Do you like bugs? Creepy crawly slugs? How about frogs? When you were a kid, you probably either gravitated towards these things (I know I did) or ran away from them screaming. And a joint project between Smithsonian Networks and Infinity Entertainment Group wants to remind you of those days.
Critter Quest! introduces us to host Peter Schriemer as he explores nature in three episodes of this series from the Smithsonian Channel. Peter lives in a much wetter climate than I do (in Michigan) and you could tell from all the entertaining critters he found just strolling around the yard. But he goes beyond his yard to explore the broader scope of nature a bit of a time, gradually introducing concepts in a kid-friendly way.
This series is definitely aimed at kids. Not only do you learn about various species and bugs (such as the pill bug or rolly poly, which was one of my favorite bugs to find as a kid), but different concepts such as echolocation and migration are explained. In one episode, you are even shown how to create indoor habitats for these critters so you can bring them inside if you are so inclined. My daughters were riveted to each of the episodes included.
In “Creepy Crawlers Everywhere,” Peter introduces himself and explores his back yard looking for various creepy crawlies. During the episode, we learn about the click beetle, slugs, a tree frog, and a jumping spider. I learned that slugs make their own slime, which is what enables them to glide over surfaces (and requires that you wash your hands after handling them).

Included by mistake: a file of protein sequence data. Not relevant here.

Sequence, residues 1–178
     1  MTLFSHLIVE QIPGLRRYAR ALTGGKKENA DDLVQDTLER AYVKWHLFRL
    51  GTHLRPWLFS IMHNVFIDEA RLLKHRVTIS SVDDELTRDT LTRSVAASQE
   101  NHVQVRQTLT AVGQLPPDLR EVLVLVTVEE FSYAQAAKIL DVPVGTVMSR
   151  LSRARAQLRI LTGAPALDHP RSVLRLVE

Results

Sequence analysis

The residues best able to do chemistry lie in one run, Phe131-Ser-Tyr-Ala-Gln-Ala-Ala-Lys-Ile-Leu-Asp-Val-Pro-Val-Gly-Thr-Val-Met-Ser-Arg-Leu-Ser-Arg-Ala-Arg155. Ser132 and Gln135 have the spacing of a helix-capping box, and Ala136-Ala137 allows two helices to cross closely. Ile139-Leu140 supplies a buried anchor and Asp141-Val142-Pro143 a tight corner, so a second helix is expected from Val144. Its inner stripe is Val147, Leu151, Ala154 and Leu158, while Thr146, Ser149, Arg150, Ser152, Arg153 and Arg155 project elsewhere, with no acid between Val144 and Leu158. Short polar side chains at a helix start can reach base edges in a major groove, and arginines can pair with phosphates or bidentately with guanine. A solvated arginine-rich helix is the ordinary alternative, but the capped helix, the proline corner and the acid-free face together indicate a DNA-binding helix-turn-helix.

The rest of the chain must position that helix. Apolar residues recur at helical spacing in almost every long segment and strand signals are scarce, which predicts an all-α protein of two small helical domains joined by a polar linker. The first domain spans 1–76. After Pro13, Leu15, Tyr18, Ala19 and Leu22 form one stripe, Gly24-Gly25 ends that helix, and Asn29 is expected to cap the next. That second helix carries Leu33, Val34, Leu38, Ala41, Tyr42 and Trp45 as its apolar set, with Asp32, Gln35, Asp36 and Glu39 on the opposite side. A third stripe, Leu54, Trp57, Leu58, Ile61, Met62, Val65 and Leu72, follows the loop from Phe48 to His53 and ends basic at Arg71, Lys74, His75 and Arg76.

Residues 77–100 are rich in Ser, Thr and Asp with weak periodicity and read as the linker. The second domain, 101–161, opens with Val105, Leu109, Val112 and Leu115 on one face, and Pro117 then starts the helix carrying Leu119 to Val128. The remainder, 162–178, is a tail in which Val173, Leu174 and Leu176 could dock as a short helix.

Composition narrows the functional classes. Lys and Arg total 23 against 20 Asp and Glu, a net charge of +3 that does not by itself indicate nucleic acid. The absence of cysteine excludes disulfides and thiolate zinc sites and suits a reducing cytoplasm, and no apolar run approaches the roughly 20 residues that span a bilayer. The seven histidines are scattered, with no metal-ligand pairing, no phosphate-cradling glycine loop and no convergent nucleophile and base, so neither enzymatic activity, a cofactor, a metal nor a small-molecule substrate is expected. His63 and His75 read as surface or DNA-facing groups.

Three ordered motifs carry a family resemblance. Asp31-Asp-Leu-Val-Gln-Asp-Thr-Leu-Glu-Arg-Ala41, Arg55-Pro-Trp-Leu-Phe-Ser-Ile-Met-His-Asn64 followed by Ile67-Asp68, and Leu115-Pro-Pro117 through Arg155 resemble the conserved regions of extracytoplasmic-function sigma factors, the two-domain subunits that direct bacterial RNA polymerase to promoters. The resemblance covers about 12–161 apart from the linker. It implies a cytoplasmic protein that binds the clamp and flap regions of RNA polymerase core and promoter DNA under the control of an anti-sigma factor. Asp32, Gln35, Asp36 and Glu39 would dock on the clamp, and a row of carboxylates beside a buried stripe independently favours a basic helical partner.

“Season of Change” explains the many ways animals get ready for the winter. Some creatures forage, such as squirrels, spending the ever shorter days before winter stashing food where they can get to it during the colder months. Some go into hibernation, such as frogs and turtles, choosing to go into a deep sleep when food is scarce. And then Peter talks about the many birds who migrate to warmer climates to find more food. He had a chance to interact closely with a Red Tailed Hawk, which is great because they’re one of the raptors we have even around my house in Colorado.
And then in “The Wild Side of D.C.,” we’re introduced to the many animals who live in Washington D.C. (beyond the political animals that migrate there several times a year). Peter was able to explore a part of the Smithsonian Institution and show us a huge millipede they have in a collection there, as well as the many Canadian Geese, squirrels, ducks, and other animals who live in the urban landscape.
Critter Quest! is an award-winning series on the Smithsonian Network, including a Silver Parent’s Choice Foundation Award, the 2008 Cine Golden Eagle Award, and an American Conservation Film Festival Award for “Children’s Programming.” I think it’s definitely earned those awards and we would love to see additional episodes in the series.
That said, the lack of extras my only disappointment with the DVD. It only includes three short episodes of the series and no additional material. There are previews for other series, such as Stories from the Vaults, but I would have liked to have seen some additional resources for parents or children about the many topics covered.
However, I know I found Peter an engaging young host and the series worked well for my kids, keeping them interested for all three episodes.
If you like nature programs and are looking for some new options for your own children or a school, I think Critter Quest! is a great addition to your DVD library.
p.s. Be sure to check this one out at Amazon: